Friday Update February 10, 2023

Well how about this for the unexpected?  Our inventory dropped significantly since last week.  We're at 852 single family homes on the market this week down from 1,228 last week.  We saw a general decline in interest rates over the last couple of weeks and an increase in mortgage applications.  Activity on the market in general has been much more lively than any time since fall.

Last year we had 253 homes for sale just for perspective.

YTD we had 790 units closed out in our MLS with a median sold price of $435,000.  That median dropped a good 10k since last week and we will keep a super close eye on it.   Last year same time frame we had 1,217 closings for a median sold price of $443,000.  Last year the median sold to original list price ratio was 101% and today its 96%.

The sold to original list price ratio is pretty important.  We also have a sold to list price ratio which is worthless.  Check it out.  I list your house for $1,000,000 because that's what you think it's worth and I feel like all exposure is good exposure.  I'm stupid and desperate, you're stupid and ignorant, we're like a match made in heaven right?  But turns out your house is only worth $400,000, and after a series of long dreadful talks we finally bring your list price to $400,000, and it sells!  I then take my thirsty Realtor self to social media and tell the whole world how I just sold this house for FULL PRICE!!!!  I'm a rock star despite you probably hating me for not getting you that other 600k you wanted.  So the point is sold to original list price on this would be 40%, while sold to list price would be 100%.  One metric is accurate, one is worthless, the MLS offers both.

The sold to original list price now is similar to what it was in like 2011 or so.  It shows a disconnect between sellers' expecations and buyers' reality.  But it's cool because people are starting to get on the same page as our uptick in sales volume seems to suggest.

A friend of mine here in the Springs is a really good Realtor.  Said friend has been selling houses for almost 30 years.  Friend tells me that when interest rates genuinely become restrictive like they did recently and did many times before the market becomes like an ocean.  A wave of buyers comes in, rates go up, that wave of buyers goes out.  Rates go down, a bigger wave crashes ashore with all the old buyers and new ones too.   We have an ebb and flow of buyers coming in when rates drop and fading out as they go up.  This is super easy to see in the weekly mortgage applications.  Last couple of weeks have seen a solid gain in apps.

Interest rates remain pretty volatile.  We saw a good drop on the 10 year notes to below 3.5% over the last couple weeks.  Well no more.  10 year is at 3.74% and the 3 month is at 4.77%.  I've been talking about that yield curve inversion a lot, its still there, still unresolved, still waiting to cause major problems.  The inversion is putting pressure on mortgage rates still as well as the bond market as a whole.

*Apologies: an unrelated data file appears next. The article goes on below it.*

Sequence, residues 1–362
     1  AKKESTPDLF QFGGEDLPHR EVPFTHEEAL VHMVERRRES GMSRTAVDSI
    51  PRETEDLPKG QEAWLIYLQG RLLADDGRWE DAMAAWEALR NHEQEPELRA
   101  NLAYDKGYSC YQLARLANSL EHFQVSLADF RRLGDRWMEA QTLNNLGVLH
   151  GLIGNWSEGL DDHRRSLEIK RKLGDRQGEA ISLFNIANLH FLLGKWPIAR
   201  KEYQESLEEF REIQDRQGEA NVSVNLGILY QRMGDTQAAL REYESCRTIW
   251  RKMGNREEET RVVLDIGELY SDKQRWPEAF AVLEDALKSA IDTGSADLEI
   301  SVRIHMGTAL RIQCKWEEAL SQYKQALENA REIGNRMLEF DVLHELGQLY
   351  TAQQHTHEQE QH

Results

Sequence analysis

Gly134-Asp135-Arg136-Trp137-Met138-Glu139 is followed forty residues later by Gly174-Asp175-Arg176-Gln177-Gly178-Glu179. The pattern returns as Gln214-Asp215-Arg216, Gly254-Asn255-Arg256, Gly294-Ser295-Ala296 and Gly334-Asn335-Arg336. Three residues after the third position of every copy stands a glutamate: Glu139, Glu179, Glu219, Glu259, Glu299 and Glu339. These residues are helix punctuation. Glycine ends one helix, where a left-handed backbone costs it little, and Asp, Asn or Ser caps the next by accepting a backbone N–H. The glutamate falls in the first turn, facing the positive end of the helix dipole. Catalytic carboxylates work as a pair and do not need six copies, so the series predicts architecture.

Michael Burry famous from the movie "the Big Short" seems to think the worst for this financial cycle is still ahead of us.  I tend to agree.  Many others think we've made it through the dowturn already.  Someone is gonna be wrong and if history is any indicator it will probably be me.  We will see though.

Here's what I think guys and you've heard me say this before.  What I think is that real estate is a long,  term investment and should be treated accordingly.  I also think that if your alternative to buying a home is renting a place in a city you intend to live in for a while then the gamble of buying a home is always worth it.  Because if you think about it at all you'll know that renting isn't a gamble at all as you're guaranteed to lose 100% monthly, and home ownership is only a gamble if you intend to sell.  The cool thing about long term investments like housing is that if you don't plan on selling, you don't have to worry about values, and just keep living there, yo!

I'm saying this because my smart friend says it feels an awful lot like 2007 out here.  A lot of optimism, a lot of "we made it, the worst has passed".  A lot of hoptimism mixing with some seriously shit economic indicators.  And look, 2008, 2009, 2010, 2011, 2012, 2013 were not great years for sellers.  I remember going to listing appointments in 2014 and 2015 where people we're just barely breaking even on selling houses they bought in 2006 or 2007.  And that sucked.  But fast forward to 2022 and those 2006 buyers absolutely murdered it on their sales seeing values close to triple.  Point being the market moves in cycles and our jobs as investors and individuals is to remain solvent enough to ride through the bad so we can have lots of options during the good.

I'm not saying that next year is gonna be 2008 all over again.  I'm just saying if it is how are you positioning yourself to take advantage of it?  Because when other's are fearful, well you know what to do.


Post a Comment